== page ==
The federal government has suspended a program that saw more than 1,000 employment insurance recipients receive surprise visits from federal Human Resources staff members.
Some who received a knock on the door have told reporters that it felt like the inspectors were checking up on them and their job searches.
The program was never announced publicly, but was discovered by media organizations.
The inspections are now on hold.
A visible system that catches cheats can deter a lot of potential swindlers, especially if they see there are serious consequences for lying. If there are no checks and balances, users will learn that they can cheat the system, and illegitimate claims will mount. It’s human nature.
The same thing happens when you’re driving. The odds of being caught speeding are slim, but it’s likely that small risk is what stops you – and almost every other driver – from doing 150 kilometres per hour on the highway.
While a little fear of getting caught is a good thing, trying to catch everyone who has ever misused EI would cost a fortune – certainly more than the system would recover in reduced payouts.
Same goes for speed traps. We could put a cop on every corner and eliminate speeding, but the cost of paying the extra officers wouldn’t be worth the end result.
Law-and-order Conservatives may not like to hear it, but people have always misused benefit systems and always will. If any taxpayer wants to see their money spent as frugally as possible, they should support a sensible approach to enforcement: deter as many would-be cheats as possible without rolling out an expensive system that tries to police every penny.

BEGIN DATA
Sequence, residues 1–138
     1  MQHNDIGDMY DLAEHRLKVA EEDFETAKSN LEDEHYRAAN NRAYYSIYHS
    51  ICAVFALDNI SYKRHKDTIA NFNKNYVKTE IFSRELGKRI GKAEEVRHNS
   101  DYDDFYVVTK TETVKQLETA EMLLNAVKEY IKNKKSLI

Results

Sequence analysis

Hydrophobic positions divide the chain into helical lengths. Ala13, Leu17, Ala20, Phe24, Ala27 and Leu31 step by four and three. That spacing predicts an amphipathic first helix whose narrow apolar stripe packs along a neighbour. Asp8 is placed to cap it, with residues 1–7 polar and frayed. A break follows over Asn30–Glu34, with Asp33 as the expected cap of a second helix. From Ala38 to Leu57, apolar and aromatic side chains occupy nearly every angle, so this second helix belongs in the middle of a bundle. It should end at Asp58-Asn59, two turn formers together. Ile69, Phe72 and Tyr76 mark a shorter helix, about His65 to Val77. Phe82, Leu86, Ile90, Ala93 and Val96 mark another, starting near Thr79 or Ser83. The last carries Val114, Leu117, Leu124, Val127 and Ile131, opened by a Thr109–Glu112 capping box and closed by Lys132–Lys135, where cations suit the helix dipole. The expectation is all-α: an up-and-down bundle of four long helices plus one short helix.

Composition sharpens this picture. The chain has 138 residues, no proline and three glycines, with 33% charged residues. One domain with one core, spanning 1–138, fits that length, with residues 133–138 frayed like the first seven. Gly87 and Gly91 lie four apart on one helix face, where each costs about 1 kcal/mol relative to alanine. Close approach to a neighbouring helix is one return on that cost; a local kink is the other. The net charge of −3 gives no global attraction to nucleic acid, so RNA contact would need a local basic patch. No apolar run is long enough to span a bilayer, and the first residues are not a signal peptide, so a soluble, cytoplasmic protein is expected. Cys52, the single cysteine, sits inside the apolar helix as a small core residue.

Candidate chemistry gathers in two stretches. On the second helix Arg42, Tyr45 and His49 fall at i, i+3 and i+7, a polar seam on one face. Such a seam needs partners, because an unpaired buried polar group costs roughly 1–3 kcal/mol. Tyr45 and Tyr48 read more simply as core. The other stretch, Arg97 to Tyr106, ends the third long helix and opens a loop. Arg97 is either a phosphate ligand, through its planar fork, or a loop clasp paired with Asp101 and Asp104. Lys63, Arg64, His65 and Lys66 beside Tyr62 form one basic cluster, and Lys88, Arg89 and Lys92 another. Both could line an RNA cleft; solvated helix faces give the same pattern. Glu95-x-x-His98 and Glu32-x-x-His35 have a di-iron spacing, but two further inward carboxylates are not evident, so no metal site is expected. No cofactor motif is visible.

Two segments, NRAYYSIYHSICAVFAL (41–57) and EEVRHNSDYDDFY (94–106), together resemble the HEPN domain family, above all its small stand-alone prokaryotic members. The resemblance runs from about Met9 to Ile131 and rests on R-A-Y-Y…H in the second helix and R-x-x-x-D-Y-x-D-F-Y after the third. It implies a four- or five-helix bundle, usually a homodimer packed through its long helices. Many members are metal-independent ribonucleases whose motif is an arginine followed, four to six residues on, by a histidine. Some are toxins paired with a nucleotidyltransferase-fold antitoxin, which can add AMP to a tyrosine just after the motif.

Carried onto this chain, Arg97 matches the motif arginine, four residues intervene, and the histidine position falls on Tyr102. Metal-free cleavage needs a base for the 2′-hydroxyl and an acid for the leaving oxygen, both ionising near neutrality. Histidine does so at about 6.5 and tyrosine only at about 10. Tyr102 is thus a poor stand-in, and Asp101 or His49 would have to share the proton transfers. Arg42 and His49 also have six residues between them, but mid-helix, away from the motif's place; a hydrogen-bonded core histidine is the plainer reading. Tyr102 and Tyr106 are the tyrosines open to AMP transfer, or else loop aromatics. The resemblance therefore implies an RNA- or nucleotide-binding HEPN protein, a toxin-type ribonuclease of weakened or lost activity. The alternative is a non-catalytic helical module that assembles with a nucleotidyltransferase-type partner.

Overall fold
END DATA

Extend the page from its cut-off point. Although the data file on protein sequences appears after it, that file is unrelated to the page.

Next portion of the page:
So if you have an enforcement system, flaunt it. Media reports and word-of-mouth can help make anyone who thinks about cheating realize they may get caught.
But the Harper government didn’t flaunt the inspection program. It wasn’t even mentioned by the government until people who received visits called the media. That means any deterrent effect was wasted.
The program’s other drawback is that the door-to-door inspectors were very unlikely to find someone flagrantly cheating the system. What did they expect to discover, someone mining in the back yard or doing a bit of shipbuilding in the driveway?
If interviews in the local government office were needed, then it would have saved a pile of money to call the EI recipients by phone. Heading out on the street is not only inefficient, it’s degrading to the recipients, some of whom felt they needed to make their case right on their own doorstep, maybe with family and neighbours looking on.
What we all need to remember is that there is no “us” or “them” in this story. EI is a part of the safety net we all pitch into, and we may all need it at some point in time.